Sean Cubitt. New Dictionary of the History of Ideas. Editor: Maryanne Cline Horowitz. Volume 1, Charles Scribner’s Sons, 2005.
The latter half of the twentieth century witnessed a swift decline in the popularity and significance of cinemagoing in the West, associated with suburbanization and the rise of competitor media like rock and roll and television. From the 1990s, cinema release was repositioned as a cornerstone of multimedia-themed product lines, including alternative forms of distribution and exhibition (in-flight entertainment, video, broadcast, DVD, and Webstreaming) and spin-offs such as sound-track albums, novelizations, comic books, franchised toys, board and computer games, and fast-food branding. Moribund profit centers like celebrity gossip magazines were revivified, and new ones like product placement inaugurated. Integration of print, TV, theme parks, and Internet companies into massive corporations allowed for an increasing cross-marketing of products in cycles of which film was only one instance. In this transition from mass spectacle to integrated media product, it might have been difficult to retain respect for cinema as “the seventh art.” Nonetheless, during this period and into the early twenty-first century, there has been vigorous interest in the medium of film.
The Language of Cinema
As a broad generalization, the development of cinema studies since 1970 has been shaped by a debate between the search for a medium-specific “language” of cinema and inquiries into the ways cinema reflects, reproduces, or otherwise expresses the cultures it derives from or seeks to change. Initial work of the later 1960s emphasized the linguistic structures that appeared to govern cinema. In the later 1970s, two backlashes came in the form first of a film-specific criticism antipathetic to the idea that “bourgeois” forms like the novel and the feature film shared similar structures, and second, of a move away from “theory” toward more traditional forms of humanistic and sociological scholarship. The 1980s witnessed a powerful burst of interest in the cultural dimensions of cinema as an expression of macro-and microcultures—African-American, queer, and third cinema theories privileging the role of cinema as communicator of distinct and differentiated cultural values. In the 1990s, additional emphases were placed on ostensibly marginalized techniques like sound and animation, while the struggle over theory was renewed in the arrival of new theoretical paradigms, notably from phenomenology and the philosophy of desire.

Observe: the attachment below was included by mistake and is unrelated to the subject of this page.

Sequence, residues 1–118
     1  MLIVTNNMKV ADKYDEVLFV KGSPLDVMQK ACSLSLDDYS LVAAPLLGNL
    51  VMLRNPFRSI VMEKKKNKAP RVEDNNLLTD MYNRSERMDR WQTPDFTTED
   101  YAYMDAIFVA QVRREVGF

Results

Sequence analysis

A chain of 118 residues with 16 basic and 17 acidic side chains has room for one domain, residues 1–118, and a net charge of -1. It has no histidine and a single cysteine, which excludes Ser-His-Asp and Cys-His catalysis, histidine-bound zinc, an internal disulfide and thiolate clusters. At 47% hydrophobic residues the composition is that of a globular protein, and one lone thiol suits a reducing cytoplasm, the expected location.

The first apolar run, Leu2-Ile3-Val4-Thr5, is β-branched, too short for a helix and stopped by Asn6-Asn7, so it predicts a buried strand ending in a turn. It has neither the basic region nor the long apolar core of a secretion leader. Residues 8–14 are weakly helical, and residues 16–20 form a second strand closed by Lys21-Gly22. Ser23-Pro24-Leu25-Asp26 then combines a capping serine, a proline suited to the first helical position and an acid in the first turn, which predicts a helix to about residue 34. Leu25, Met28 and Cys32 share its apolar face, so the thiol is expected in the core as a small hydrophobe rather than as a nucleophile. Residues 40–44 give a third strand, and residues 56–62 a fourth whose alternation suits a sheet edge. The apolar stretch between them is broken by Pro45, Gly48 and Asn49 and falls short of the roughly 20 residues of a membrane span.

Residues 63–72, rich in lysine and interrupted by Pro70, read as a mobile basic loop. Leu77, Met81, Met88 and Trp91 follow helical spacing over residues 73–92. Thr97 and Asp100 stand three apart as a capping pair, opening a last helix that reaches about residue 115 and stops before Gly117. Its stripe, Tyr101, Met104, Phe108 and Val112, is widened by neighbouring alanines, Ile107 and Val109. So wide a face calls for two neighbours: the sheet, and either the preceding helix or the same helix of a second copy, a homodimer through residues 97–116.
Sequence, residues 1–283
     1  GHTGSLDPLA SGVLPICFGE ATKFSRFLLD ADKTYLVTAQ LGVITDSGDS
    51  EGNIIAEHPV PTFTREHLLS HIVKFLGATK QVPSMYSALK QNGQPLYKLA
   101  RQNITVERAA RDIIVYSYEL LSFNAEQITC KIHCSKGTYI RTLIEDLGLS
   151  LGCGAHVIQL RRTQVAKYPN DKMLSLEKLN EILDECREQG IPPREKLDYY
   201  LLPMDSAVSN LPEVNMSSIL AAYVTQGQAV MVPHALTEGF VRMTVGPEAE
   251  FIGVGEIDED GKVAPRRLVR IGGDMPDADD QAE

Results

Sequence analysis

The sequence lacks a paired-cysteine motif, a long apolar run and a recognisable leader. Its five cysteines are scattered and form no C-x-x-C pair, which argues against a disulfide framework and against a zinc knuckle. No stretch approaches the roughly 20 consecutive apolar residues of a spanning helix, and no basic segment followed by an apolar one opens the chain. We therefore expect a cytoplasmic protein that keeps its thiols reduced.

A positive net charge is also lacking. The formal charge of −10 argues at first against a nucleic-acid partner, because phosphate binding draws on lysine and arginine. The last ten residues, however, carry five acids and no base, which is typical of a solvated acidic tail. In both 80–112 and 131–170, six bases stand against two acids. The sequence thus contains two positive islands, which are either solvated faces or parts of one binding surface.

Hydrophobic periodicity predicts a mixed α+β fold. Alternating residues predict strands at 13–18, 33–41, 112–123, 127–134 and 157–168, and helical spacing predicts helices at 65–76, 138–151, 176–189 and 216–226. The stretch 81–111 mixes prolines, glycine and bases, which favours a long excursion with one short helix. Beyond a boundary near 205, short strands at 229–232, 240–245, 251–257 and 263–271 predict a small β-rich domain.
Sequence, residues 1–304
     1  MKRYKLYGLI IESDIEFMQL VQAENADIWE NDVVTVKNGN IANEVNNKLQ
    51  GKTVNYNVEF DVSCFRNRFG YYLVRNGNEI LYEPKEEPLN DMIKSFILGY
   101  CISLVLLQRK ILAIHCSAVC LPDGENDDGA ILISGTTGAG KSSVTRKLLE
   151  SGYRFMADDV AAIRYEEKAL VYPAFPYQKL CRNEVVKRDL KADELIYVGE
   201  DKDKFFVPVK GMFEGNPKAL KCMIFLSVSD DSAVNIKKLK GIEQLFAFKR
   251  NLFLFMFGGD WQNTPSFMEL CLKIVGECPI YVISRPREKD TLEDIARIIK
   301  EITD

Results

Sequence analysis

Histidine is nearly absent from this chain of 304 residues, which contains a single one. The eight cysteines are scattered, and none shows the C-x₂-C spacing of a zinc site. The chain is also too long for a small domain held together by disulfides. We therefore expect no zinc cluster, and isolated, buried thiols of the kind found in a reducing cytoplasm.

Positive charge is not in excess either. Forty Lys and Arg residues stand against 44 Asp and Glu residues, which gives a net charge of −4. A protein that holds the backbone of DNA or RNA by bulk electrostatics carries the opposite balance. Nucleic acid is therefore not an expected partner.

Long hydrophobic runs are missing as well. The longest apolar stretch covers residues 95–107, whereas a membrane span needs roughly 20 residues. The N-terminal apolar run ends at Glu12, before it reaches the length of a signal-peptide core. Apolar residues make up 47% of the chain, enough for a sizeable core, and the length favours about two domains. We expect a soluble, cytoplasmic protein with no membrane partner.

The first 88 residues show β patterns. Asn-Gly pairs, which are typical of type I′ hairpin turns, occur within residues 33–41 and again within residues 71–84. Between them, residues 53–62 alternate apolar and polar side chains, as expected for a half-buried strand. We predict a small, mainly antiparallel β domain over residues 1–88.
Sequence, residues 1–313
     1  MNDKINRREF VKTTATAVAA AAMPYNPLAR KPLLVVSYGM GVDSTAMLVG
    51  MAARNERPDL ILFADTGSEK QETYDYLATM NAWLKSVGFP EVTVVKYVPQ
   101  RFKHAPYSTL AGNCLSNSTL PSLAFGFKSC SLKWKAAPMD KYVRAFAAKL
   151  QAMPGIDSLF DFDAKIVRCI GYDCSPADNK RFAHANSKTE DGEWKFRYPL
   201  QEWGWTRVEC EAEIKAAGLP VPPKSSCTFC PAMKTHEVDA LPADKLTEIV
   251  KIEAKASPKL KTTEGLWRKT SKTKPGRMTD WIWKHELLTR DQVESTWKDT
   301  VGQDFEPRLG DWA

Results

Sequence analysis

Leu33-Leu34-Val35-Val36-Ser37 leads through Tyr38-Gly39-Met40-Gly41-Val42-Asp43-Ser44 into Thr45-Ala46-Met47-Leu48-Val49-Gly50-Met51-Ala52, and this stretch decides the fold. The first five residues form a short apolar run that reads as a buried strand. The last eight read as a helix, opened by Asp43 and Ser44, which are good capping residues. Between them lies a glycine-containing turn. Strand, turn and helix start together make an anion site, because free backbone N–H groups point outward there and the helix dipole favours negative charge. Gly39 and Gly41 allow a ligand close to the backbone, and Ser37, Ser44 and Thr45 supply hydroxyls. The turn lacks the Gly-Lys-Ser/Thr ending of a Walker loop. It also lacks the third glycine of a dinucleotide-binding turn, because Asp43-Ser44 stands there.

Earlier criticism (commonly referred to as “classical film theory”) often celebrated cinema’s capacity for realism (see Andrew, 1976). After 1968 the French journal Cahiers du cinéma, in common with much of French culture, was rapidly and radically politicized and began to critique the illusion of reality in cinema. In the person of Christian Metz, the new criticism articulated an influential mix of Marxism, psychoanalysis, and semiotics, the “science of signs.” In the 1970s, critics associated with the U.K. journal Screen began to translate much of this work, and to develop an indigenous theoretical practice, today often referred to as Screen theory. The addition of a powerful strand of feminist criticism was the most significant new development, especially as presented in Laura Mulvey’s 1975 essay “Visual Pleasure and Narrative Cinema” and in the work of Stephen Heath, while Paul Willemen added political commitment and polemic. Rejecting the realist proposals of André Bazin and Siegfried Kracauer, the Screen critics proposed that cinema acted as an ideological apparatus, a term borrowed in part from the French Communist Party’s leading philosopher of the day, Louis Althusser. Rather than transmitting ideological messages, as earlier political critics had assumed, cinema’s technical apparatus of camera and projector lenses and screens recreated a model in which the audience member was constructed as the subject of ideology. Interpellated (or “hailed”) by the apparatus and positioned by it, the cinematic subject became a willing participant in the construction of illusion. (It is interesting to note that the two leading political theorists of working-class collusion in their own oppression, Louis Althusser and Antonio Gramsci, were both translated by editors of Screen.)